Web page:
If you work in aging services or just have aging loved ones, you probably know people value staying at home as they age. Surveys show upwards of 90% of seniors feel strongly about this. But, what does science have to say about aging at home? We delved into the research, on both the why and the how. So, here’s what you need to know about aging at home, whether for your own planning, helping clients or loved ones.
What Science Says about Aging at Home:
1. Aging at home has significant health benefits.
The benefits of aging in one’s home and community include better physical, mental and social health.
Just look at the science on mortality statistics alone. A 78-year-old that lives an independent and active lifestyle has a life expectancy of 15 years+. If that same individual suffered physical injury or a disorder that required a move to a care facility, their life expectancy could be reduced by 50%-75%. The mortality rate of individuals moving into a nursing facility increases within the first 12 months by as much as 50%-60%. And, the mortality rate is even higher when just looking at the first 6 months.
For a more comprehensive view of benefits, a study on Missouri’s aging in place program proved many positive outcomes. The program showed better outcomes in cognition, depression, activities of daily living, and incontinence when compared to the control group in nursing home care.
Our team has studied the “Blue Zones” research closely to tap into the science on healthy, active aging. It shows that some of the keys to longevity are community and family involvement, sense of purpose, and daily activity. Blue zone elders thrive within their multigenerational communities, where they’re valued for their contributions.
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2. It’s the little things that enable aging at home.
Here’s where science helps us with the “how” for aging at home.
Numerous studies have found that small lifestyle changes, such as 15 minutes of daily exercise, can help seniors live longer, healthier lives at home. Other activities like reading and volunteering not only keep people healthier, but actually contribute to longevity. One study even showed a 60% reduction in death from all causes when women had cataract surgery. Vision, mobility, and other factors can be the difference between a happy life at home or quick deterioration. Fortunately, much of this can be remedied with a little help.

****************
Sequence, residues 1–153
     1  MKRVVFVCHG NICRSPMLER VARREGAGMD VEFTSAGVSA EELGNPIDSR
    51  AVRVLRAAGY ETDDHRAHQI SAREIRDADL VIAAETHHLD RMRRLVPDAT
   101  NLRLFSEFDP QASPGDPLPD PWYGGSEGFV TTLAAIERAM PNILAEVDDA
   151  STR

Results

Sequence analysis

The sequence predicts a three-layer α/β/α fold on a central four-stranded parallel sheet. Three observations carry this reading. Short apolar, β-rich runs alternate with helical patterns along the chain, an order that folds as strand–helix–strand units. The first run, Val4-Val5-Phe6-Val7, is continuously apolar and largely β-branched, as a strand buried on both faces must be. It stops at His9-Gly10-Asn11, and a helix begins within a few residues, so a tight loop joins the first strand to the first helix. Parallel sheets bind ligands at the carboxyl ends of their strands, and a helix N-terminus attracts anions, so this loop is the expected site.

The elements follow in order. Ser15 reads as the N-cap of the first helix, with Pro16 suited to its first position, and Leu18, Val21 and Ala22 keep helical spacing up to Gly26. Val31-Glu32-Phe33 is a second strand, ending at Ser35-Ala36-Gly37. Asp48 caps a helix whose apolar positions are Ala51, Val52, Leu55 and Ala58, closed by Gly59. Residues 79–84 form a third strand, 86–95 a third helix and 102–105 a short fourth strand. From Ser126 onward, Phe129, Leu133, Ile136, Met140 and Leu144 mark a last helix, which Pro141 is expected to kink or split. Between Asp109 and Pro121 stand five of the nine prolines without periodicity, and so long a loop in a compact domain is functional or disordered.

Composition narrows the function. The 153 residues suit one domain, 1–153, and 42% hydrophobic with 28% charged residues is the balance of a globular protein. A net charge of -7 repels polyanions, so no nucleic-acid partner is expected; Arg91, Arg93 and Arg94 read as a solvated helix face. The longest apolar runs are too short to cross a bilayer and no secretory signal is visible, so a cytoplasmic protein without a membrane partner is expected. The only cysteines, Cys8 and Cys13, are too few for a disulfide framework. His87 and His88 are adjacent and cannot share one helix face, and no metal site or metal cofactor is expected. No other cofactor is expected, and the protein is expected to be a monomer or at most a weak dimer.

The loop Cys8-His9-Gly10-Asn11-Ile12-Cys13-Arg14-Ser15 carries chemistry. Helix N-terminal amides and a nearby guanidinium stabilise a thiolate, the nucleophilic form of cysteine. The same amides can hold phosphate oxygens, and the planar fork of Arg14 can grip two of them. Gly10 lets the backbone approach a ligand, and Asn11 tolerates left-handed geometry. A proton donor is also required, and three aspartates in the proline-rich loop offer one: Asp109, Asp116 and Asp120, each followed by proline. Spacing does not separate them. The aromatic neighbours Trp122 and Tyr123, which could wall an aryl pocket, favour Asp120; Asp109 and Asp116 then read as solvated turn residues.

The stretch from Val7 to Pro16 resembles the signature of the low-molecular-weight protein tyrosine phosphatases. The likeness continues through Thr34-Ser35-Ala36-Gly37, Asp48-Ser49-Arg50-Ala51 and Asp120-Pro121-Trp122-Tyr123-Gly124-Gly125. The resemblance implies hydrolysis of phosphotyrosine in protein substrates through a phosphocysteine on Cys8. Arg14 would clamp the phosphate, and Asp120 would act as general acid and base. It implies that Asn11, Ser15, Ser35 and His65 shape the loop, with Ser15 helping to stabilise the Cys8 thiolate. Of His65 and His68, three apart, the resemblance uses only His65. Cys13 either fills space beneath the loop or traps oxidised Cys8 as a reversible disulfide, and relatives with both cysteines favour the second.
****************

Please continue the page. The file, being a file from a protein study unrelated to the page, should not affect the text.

A project in Baltimore called CAPABLE (Community Aging in Place, Advancing Better Living for Elders) helped assess seniors’ needs for aging at home. They aimed to see how small changes and a relatively low budget could keep seniors out of expensive care facilities. Handymen served an important role in the program, helping make little changes to create a safe physical environment.
It’s “more often the little things, like being able to use kitchen utensils and navigate steps, that end up limiting our ability to remain independent.” Many studies have shown how being active and engaged in the community supports aging at home. Though these seniors had access to ride services, the stairs were often a big barrier in between them and that ride. This problem was easily eliminated with better lighting, rails or ramps, and/or some physical therapy.
They identified other problem areas such as bathing/personal care and strength to stand for cooking and various household tasks. These issues commonly contribute to elders being forced to move to care facilities. However, this doesn’t need to be the case when there are easy fixes and accessible solutions. The results indicate that coordinating such small changes could reduce nursing home admissions by 40%.
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3. The bottom line: aging at home saves money.
Beyond preferences and health benefits, aging at home is also the most economical option. A significant portion of older adults own their homes outright. Selling and moving to a facility can be a costly process, financially and emotionally. The simple changes and support services to enable aging at home can be comparably affordable.
Check out our comparison of aging at home with help versus assisted living facility care. As you can see, there’s the potential for significant cost savings along with major lifestyle differences. We did a breakdown of just how affordable in-home care support can be to dispel some of the myths.
States and agencies have expanded home and community-based services due to research proving cost savings too. Unfortunately, these programs still remain overburdened by demand and often have long waiting lists. Our team can help you understand what’s available, navigate eligibility and find other cost-effective services for aging at home.
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